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Rising between the Bonnet Plume Range (Selwyn Mountains) and the Backbone range (Mackenzie Mountains) along the Yukon/NWT border The Snake River of the Northern Yukon is a superb paddling river with much diversity and many moods. It is more than likely that in the space of two weeks on the river you will get to experience several of them during the same trip. The trip starts at the Duo Lakes, two small lakes nestled between snow capped mountains at elevation 4000ft. The upper river is small with technical shallow rapids and small canyons. Rapids are mostly class 1 and 2. The river quickly builds in size although most rapids still remain class 2, with the occasional larger set. The average gradient of the river is 20ft per mile with strong current of 8-12km per hr. It is not uncommon to travel 40km in a half a day. After this upper section the river slows only slightly and the mountains begin to fall away. It almost feels as if you are paddling a different river near the end. When the Snake enters the Peel River the elevation is only 300ft. A total drop of about 3700ft with only two portages (one from the lake to the river and one on the river). If you are looking for an intermediate, far north river fast flowing river, that starts in the alpine above the tree line and dances for 300 kilometers through rolling hills covered by pristine boreal forest, this river is for you. It can be the trip of a lifetime!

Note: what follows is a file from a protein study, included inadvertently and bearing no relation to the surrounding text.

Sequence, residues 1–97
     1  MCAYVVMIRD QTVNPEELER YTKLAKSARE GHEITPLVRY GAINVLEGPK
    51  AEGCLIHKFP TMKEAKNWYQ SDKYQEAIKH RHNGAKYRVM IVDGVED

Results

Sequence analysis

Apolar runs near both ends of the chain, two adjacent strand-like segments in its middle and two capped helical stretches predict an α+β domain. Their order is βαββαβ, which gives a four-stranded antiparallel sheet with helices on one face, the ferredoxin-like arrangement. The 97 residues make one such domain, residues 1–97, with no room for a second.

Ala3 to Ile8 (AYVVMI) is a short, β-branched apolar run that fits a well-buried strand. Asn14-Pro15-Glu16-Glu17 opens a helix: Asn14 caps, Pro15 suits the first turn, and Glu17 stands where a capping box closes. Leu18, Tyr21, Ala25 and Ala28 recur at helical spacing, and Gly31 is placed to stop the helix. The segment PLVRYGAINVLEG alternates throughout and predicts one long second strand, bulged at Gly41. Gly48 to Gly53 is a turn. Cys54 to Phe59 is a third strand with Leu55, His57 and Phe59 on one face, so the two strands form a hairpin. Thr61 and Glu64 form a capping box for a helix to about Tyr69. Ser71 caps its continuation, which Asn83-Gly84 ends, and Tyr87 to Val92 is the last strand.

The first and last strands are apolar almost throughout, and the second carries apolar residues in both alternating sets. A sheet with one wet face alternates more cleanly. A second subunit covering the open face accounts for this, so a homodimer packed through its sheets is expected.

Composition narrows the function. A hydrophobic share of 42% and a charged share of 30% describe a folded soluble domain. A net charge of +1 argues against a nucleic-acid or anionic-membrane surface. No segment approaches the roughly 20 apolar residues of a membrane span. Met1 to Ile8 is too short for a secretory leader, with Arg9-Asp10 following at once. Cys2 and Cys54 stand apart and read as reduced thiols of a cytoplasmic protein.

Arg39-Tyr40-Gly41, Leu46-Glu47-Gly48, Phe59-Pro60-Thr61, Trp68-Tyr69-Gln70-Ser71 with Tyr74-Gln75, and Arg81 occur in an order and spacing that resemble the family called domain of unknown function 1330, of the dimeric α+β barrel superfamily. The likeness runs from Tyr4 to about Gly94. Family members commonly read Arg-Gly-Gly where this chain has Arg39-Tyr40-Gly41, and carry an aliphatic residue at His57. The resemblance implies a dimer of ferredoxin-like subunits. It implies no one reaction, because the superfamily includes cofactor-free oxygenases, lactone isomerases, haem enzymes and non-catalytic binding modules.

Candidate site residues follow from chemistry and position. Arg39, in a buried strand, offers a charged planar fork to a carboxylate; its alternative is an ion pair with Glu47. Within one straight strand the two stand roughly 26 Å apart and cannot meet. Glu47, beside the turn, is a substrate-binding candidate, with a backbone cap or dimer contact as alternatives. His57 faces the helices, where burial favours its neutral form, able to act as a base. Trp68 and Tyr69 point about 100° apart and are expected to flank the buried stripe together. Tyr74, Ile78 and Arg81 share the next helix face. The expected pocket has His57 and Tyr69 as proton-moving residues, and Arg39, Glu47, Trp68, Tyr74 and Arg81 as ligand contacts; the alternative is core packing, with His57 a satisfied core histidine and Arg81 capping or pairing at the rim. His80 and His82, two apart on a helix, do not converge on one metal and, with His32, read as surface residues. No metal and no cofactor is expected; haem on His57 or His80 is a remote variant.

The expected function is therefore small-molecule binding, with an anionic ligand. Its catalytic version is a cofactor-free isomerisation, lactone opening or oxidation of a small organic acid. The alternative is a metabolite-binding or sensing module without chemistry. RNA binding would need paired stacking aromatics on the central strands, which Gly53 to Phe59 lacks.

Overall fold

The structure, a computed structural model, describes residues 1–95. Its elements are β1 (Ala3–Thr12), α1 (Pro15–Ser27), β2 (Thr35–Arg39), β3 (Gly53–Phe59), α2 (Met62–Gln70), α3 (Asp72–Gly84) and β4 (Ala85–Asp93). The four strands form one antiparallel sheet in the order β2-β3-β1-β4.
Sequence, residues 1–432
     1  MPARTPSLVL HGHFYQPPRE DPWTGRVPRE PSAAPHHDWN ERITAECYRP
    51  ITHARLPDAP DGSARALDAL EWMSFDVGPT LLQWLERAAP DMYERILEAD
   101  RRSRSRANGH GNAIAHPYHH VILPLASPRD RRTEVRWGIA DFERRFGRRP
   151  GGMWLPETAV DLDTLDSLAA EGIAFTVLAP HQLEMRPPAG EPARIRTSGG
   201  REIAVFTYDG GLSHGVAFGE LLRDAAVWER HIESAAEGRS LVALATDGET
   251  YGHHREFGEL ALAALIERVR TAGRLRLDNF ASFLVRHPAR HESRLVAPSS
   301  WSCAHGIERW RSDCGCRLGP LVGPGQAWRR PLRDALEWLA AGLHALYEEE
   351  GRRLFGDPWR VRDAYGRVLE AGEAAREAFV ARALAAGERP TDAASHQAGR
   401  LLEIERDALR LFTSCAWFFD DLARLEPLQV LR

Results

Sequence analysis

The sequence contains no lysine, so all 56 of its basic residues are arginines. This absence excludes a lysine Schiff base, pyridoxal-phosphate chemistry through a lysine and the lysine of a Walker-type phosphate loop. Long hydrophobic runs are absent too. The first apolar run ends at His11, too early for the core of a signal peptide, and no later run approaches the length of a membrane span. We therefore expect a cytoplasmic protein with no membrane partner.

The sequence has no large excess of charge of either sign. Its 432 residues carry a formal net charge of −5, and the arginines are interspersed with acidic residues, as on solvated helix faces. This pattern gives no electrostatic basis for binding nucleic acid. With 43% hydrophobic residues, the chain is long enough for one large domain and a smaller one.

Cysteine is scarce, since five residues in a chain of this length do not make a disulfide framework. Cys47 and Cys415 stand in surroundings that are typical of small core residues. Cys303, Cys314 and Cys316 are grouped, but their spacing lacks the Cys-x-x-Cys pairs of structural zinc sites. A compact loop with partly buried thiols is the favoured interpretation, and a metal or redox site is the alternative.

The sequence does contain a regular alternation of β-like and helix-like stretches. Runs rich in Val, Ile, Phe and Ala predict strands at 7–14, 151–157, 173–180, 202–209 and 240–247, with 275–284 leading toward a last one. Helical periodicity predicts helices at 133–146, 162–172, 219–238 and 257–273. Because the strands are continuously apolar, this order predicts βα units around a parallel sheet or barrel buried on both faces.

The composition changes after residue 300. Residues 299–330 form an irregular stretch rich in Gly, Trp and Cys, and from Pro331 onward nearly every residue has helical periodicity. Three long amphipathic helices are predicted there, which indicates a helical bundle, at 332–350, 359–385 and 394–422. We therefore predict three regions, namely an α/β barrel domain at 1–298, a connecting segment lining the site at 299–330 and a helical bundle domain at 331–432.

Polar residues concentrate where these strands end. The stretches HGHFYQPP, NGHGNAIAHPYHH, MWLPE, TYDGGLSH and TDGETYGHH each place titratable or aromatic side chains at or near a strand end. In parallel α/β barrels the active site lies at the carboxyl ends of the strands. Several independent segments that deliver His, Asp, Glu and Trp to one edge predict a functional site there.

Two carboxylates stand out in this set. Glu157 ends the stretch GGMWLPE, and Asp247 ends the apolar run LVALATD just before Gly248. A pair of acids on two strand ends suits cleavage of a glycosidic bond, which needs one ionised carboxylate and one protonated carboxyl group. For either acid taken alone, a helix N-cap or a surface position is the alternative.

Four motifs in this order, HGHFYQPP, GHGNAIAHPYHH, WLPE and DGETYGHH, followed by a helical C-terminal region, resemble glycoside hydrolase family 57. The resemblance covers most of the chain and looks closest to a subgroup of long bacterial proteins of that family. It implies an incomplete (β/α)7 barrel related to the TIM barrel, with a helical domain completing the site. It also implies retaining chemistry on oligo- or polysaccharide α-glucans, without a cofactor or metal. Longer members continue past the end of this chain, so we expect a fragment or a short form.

Note: this is a suggested itinerary only, conditions on each trip may vary.
Saturday Aug 3 (Meeting Day). We recommend arriving early and seeing the sights in Whitehorse. Remember airlines lose baggage and on day one of the trip there is no time to shop for lost gear. At a minimum you should be in Whitehorse in time not only for an orientation meeting the night before the trip starts, but also in time to hit the shops just in case one of your bags gets lost.
Whitehorse is a great place to spend a few extra days. The historic sites are interesting and there are day hikes, gold panning float trips through Miles Canyon and other outings in the region.
(Sun. Aug. 4)